I recommend that upon arrival in Taipei, Taipei 101 should be the first place you visit. This recommendation is not because this building is a feat of human engineering and a major tourist must-see in Taipei.
Going to Taipei 101 first is probably the most practical first stop of your visit because from the top most floor’s viewing lounge, you can see practically all of Taipei in one leisurely stroll and really get a sense for where everything is in the city. This is excellent for developing a mental map of the whole place before you descend upon it. We didn’t get to Taipei 101 until about midway through our trip, so as soon as I got to the top of this colossal building and saw the resources available in the viewing lounge, I immediately regretted not making it our first stop.
What makes the viewing lounge an excellent area recon center is that it’s not just a look out of the window. The lounge itself is like a mini-museum, and they have audio guides in multiple languages that take you around to all the points of interest in this sprawling metropolis along with a history lesson of the construction of Taipei 101. And that’s not even the best part–there are massive touch screen screens all over the place that have time lapses of the view outside with floating buttons of all major points of interest.
If we had gone here first, I know I would have had a much better time navigating the place and even may have found some new points of interest to put on our itinerary. See these time lapse touch screens in action:
Aside from the practical navigational purposes of going to Taipei 101, it is also a pretty darn cool stop. I really enjoy watching that Extreme Engineering TV show, so I was geeking out a little. From the first moment I heard about Taipei 101, the one part of it I wanted to see the most was the damper.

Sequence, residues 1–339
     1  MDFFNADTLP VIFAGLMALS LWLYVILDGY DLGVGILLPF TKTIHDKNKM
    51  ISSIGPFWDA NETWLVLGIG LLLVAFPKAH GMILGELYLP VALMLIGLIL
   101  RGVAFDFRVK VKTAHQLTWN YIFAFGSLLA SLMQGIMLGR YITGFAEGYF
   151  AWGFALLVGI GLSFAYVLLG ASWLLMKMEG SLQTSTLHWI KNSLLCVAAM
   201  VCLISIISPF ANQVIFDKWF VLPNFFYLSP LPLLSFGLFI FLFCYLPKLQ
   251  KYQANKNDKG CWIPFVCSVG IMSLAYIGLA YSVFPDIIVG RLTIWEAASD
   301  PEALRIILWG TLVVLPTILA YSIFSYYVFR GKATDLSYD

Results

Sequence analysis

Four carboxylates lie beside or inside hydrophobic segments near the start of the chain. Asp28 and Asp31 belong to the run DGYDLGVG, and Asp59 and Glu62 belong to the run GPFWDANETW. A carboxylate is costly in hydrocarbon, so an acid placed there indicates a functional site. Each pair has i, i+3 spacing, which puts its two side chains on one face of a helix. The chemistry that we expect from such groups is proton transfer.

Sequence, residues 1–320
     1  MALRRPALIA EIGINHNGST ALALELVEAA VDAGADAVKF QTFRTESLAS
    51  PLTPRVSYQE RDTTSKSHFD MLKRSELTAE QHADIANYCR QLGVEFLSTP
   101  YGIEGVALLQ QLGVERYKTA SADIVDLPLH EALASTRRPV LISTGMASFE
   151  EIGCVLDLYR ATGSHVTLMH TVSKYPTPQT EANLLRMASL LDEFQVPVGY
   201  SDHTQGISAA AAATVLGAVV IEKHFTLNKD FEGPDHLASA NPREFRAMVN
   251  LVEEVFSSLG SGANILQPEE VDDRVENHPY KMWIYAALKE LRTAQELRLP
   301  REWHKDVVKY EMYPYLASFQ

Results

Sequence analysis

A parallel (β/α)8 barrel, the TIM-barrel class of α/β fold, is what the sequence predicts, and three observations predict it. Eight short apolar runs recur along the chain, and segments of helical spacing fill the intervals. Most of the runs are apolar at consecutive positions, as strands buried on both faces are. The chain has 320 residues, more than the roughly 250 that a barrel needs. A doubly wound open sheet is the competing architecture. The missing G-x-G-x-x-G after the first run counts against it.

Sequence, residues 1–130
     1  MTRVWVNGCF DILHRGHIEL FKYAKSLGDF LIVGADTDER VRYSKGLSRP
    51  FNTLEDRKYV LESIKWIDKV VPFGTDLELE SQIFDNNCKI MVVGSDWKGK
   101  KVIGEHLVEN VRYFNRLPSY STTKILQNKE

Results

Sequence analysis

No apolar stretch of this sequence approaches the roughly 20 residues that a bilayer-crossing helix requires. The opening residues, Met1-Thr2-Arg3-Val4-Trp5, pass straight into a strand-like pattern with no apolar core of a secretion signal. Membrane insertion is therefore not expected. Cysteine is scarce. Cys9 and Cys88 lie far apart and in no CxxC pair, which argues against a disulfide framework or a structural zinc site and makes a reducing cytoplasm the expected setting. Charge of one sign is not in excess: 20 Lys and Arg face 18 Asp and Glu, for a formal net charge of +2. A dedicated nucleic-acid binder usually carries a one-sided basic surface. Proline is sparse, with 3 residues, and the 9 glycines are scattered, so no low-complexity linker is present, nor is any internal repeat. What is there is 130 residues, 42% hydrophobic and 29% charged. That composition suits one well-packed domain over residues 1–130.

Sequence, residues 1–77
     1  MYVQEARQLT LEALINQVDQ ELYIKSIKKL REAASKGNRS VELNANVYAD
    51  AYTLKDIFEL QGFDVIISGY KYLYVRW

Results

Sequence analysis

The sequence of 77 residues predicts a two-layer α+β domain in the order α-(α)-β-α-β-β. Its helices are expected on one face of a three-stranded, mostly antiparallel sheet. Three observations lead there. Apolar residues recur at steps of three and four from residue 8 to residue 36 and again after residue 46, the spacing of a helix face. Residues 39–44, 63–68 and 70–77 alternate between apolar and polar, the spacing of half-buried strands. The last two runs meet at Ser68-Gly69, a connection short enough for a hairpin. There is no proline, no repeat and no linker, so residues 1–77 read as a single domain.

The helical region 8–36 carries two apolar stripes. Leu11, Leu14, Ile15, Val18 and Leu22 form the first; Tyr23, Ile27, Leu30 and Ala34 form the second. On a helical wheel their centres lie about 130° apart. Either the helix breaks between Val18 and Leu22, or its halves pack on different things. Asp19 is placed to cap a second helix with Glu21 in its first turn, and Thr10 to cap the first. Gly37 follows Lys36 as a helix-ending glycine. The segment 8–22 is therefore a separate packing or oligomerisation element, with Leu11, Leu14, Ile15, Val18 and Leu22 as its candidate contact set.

Maybe it has something to do with having grown up in Los Angeles and lived through countless earthquakes, but just being in the presence of a such a brilliant and massive work of practical art like this just left me in awe.
Unlike Los Angeles, Taiwan has frequent typhoons along with their earthquakes (both of which I’ve experienced in Taiwan before), and the terror of a typhoon is put into perspective when you listen to the eerie sound of the whole building swaying even on a clear and cloudless night.
Normally, the damper looks like it’s sitting still, just the way it looks in this picture taken on the same night as the video above.
However, during a typhoon, the thing apparently swings back and forth like crazy. It’s a miracle of science that the building isn’t torn to shreds, ripped off level by level by the high winds of a typhoon. Here is some video that was playing at the exhibit showing the massive damper moving during a typhoon:
Even if extreme engineering isn’t your cup of tea, I think everyone can get a kick out of the high speed elevators you need to take to get to the top. Watching how quickly those floors tick by can be pretty thrilling, especially when you feel the pressure of the speed and change in altitude as you ride the world’s fastest elevators.
Finally, if all you really want to do is hang out, shop, or eat, Taipei 101’s got plenty of that to go around. There are countless specialty stores, restaurants, food courts, and even a pretty huge bookstore tucked in a massive corner to provide a little something for everyone there. The inside of the mall is a pretty impressive space:
Also, if you’re feeling like some high class dining with a most awesome view, you can enjoy some fine dining up on the 85th floor. Our crew went to Shin Yeh 101 because it served Taiwanese fare. A lot of people tell me it’s expensive food that doesn’t taste all that good, but I’d beg to differ. You definitely are paying for the ambiance, location, and view, but the food is pretty darn good too. Street food has its charm, and maybe I’ve become more pampered over the years, but I definitely thought it was worth the money on all fronts.
Of course I went and ordered some oldies but goodies off of the menu that I grew up with. First, I had to get the hanji (yam) rice porridge, even though it’s like the most common every day dish ever.
Next, I had to get my grandpa’s favorite dish and concurrently one of my favorites, too, slices of dried fish egg. As my late gramps would say, “Oishii!”
Further feeding my nostalgia, I ordered my favorite dish that my late grandma used to always make for me, liver cooked in a wine soup. The cooks didn’t disappoint my sentimental craving.
Of course, nothing could top off the meal better than a candle-warmed pot of hot high mountain oolong served in glimmering porcelain.
Before you leave Taipei 101, don’t forget to check out the gift shop where you can find souvenirs, especially the adorable damper mascots.
Next up, the three hundred year old Lung Shan Temple (Dragon Mountain Temple) in Taipei, Taiwan.